What is it?
For many years, callery pear (Pyrus calleryana) and its cultivars (‘Bradford’, ‘Cleveland Select’, ‘Aristocrat’, etc.) have been widely planted in Kansas. While this tree is valued for its adaptability to tough sites, consistent spring flowers and fall color, and relative lack of insect problems, it is not without weaknesses. The susceptibility of ‘Bradford’ and other cultivars to narrow crotch angles and resultant storm damage led to the release of cultivars with improved branch angles.
Pears require cross-pollination to produce viable seed, and monocultures of a single clone such as ‘Bradford’ will not produce viable seed. However, the planting of different cultivars resulted in genetic variability in the landscape and ample opportunity for cross-pollination and production of viable seed.
These seeds, spread by birds, have now become established in diverse landscapes across Kansas, from Kansas City to southeast Kansas, and along the I-70 corridor through Wichita and portions of the Flint Hills. For many of the same reasons callery pear was valued in the landscape as a tough tree, it is now proving difficult to eradicate as it spreads into areas where it is an unwanted disrupter and displacer of native and/or desirable vegetation.
Where is it?
Up to this point, much of what has been known about the geographic spread and seriousness of callery pear infestations has come from scattered reports and “drive by sightings.”
A more systematic survey was started in 2018, with the intention of moving from anecdotal accounts of infestations to an objective distribution map, which will allow all affected parties and stakeholders the opportunity to take early-intervention control steps. In using this information, the Kansas Forest Service and its partners seek to direct limited resources to areas where control efforts will be most effective.
A county-level map can be found at the EDDMapS website, here: https://www.eddmaps.org/distribution/uscounty.cfm?sub=10957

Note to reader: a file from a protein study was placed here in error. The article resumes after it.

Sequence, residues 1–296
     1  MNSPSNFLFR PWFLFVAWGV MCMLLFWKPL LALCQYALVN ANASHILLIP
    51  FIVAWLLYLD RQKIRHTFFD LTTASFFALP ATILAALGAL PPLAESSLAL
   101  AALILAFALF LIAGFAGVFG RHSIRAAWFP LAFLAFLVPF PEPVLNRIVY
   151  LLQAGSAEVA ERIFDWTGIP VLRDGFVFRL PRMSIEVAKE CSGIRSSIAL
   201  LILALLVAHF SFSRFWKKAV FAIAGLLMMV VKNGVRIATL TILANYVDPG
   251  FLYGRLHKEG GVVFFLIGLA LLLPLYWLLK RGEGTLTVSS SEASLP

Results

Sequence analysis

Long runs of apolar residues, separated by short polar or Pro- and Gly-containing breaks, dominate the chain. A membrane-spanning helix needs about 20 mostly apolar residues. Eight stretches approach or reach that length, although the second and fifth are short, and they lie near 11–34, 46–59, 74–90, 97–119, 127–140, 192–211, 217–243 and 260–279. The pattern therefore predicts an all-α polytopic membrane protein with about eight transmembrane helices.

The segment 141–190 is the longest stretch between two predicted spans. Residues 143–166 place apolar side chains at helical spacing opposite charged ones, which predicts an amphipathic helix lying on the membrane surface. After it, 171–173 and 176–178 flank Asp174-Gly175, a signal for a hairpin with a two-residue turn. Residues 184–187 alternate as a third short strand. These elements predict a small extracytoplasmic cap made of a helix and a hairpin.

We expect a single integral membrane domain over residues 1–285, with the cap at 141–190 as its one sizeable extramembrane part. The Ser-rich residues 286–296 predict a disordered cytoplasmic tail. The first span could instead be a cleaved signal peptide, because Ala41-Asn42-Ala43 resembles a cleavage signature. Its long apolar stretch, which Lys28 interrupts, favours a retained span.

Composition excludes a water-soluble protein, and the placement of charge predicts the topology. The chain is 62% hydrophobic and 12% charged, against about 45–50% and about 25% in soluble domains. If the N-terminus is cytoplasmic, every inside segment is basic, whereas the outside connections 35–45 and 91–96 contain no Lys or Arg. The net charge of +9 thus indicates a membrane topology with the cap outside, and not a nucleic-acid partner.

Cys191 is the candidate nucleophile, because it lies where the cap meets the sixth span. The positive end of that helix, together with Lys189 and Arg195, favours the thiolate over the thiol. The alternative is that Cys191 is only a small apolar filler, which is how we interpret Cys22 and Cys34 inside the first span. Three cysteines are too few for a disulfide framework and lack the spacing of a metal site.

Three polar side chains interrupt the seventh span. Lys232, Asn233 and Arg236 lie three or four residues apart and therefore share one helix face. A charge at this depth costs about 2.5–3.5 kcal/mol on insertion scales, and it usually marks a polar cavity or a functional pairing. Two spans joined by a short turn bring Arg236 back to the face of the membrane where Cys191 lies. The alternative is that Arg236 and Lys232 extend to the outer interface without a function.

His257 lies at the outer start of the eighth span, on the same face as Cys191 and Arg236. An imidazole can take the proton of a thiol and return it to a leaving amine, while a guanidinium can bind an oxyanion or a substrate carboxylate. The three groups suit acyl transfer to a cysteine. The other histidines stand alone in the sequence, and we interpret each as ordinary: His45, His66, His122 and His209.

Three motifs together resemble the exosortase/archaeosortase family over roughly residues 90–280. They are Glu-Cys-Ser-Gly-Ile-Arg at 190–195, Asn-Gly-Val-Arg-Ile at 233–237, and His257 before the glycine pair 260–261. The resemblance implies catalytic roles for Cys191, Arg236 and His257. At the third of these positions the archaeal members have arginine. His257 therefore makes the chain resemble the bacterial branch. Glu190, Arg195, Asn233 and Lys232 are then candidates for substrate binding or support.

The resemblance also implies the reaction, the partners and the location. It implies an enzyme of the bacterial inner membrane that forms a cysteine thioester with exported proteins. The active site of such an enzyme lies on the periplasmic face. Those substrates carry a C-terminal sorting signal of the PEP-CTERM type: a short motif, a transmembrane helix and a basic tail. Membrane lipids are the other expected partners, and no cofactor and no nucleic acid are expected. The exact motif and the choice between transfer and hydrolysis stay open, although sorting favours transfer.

As with all weed control, the basic tenets of IPM (Integrated Pest Management) should be considered in order to achieve the desired outcomes. It is unlikely that any one control measure will be successful as a stand-alone treatment in the long term.
There are potentially viable options for control of callery pear with a combination of cultural, mechanical, and chemical treatments, but ongoing assessment is still needed to refine these recommendations. With the emerging invasiveness of callery pear occurring fairly recently, it is reasonable to expect that any recommendations at this point are by necessity preliminary, and will be updated with time and trial.
While callery pear continues to be a reliable and aesthetic performer in the landscape, the threat of invasiveness likely outweighs the benefits of continued planting of this species – especially where other landscape options can be expected to succeed. While it is true that cultivars of callery pear are themselves self-sterile, the existence of other cultivars of pear and wild seedlings provides a sufficient diversity of pollen that viable seed production can be expected even in single-cultivar landscape plantings.